India: SKS Microfinance Rides on Microcredit Resurgence
India, June, 28 2015 -
In the past 18 months, SKS Microfinance Ltd shares have gained 140%—more than thrice as much as the BSE 200 index. The clear trigger for this rise is the turnaround in the microfinance firm’s business: its Andhra Pradesh portfolio, the centre of the 2012 crisis, has been written off entirely and return on assets was in excess of 5%.
The second reason for this rise is that SKS is the only listed firm that offers a play on the fast growing industry. While bank credit grew at less than 10% in the last fiscal, microcredit grew by some 61%. With the Reserve Bank of India taking over oversight of this industry, the operating environment for microlenders has improved. SKS has been a clear beneficiary as its disbursements grew 44% last year and assets under management by 35%. Consensus estimates show SKS’s loan book to grow by an annual average of 40% over the next three years.
The third reason for the stock price increase could be SKS’s application to become a small finance bank. Recently, governor Raghuram Rajan indicated RBI would finalize the licence grant for one small finance bank or payments bank by August. That has added to investor excitement. On the face of it, SKS looks well suited for such a transition. Almost its whole loan portfolio will qualify for priority-sector lending classification. It covers 310 districts in over 18 states, has a capital adequacy of 31.7% and follows prudential norms stricter than mandatory norms after scalding itself in the Andhra crisis.
Becoming a small bank would insulate it from political risks such as the Andhra Pradesh ordinance. It would be able to diversify its revenue by generating more fee income and lending to more categories. On the liabilities side, there will be more sources of funds other than just bank borrowing such as from the National Bank for Agriculture and Rural Development, or Nabard, and the Small Industries Development Bank of India, or Sidbi. Raising deposits—wholesale or retail, though the latter may take time—could lead to cheaper cost of funds.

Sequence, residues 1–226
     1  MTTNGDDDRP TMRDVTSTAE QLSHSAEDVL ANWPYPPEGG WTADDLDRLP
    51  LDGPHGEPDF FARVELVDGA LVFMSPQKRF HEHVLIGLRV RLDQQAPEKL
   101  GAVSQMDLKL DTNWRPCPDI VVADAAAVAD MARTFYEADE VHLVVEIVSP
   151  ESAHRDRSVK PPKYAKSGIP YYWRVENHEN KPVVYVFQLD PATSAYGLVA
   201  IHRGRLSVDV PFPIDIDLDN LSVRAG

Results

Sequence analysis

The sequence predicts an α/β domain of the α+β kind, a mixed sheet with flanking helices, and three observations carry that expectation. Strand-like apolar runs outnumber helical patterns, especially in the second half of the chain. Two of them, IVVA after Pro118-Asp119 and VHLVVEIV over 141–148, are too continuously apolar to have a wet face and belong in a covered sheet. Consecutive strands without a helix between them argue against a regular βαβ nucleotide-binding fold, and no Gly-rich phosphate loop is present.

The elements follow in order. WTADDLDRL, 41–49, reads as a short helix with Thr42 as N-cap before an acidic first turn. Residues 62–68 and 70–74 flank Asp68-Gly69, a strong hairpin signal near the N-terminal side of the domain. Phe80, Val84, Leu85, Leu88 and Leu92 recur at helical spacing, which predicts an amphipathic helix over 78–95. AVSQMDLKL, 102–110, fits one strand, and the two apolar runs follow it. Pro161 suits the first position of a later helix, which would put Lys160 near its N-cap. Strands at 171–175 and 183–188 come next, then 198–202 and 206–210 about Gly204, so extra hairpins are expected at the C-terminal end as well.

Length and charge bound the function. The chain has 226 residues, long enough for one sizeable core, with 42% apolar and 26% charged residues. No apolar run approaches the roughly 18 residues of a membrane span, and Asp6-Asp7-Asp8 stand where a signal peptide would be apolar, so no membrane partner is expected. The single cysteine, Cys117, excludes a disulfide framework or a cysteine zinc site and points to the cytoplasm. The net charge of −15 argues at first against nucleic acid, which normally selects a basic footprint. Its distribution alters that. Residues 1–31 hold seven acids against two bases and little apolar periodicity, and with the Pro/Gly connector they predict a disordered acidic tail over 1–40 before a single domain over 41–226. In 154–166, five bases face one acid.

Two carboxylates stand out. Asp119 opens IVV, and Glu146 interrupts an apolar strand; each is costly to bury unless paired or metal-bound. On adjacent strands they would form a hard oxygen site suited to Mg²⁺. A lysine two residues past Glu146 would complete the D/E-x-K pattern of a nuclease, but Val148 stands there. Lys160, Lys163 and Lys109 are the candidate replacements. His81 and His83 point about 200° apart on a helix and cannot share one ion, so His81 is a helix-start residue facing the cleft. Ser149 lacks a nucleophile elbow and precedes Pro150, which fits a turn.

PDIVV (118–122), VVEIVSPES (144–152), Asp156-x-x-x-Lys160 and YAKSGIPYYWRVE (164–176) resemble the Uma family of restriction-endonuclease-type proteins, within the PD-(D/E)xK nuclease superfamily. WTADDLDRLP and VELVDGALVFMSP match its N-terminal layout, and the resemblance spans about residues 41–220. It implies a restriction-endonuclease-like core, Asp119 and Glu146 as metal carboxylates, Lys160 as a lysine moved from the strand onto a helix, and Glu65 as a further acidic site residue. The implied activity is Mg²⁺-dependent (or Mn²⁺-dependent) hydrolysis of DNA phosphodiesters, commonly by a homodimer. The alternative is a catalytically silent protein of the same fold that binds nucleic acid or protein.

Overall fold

But these have to be weighed against costs. RBI has said small finance banks should maintain mandatory reserve ratios from the first day of operations. Secondly, operating expenses should rise in the initial years as SKS will have to spend on technology to smoothen the transition and new hiring.
More importantly, becoming a small bank will necessitate equity dilution. RBI norms specify promoter holding should be at least 40% and gradually brought down to 26%. SKS has foreign promoter holding of 9% and domestic public holding of some 30%. According to Emkay Global Financial Services calculations, this will necessitate equity dilution of some 44% to raise around Rs.2,500 crore from domestic investors. That could be an overhang for the stock even if the additional equity boosts net interest margins.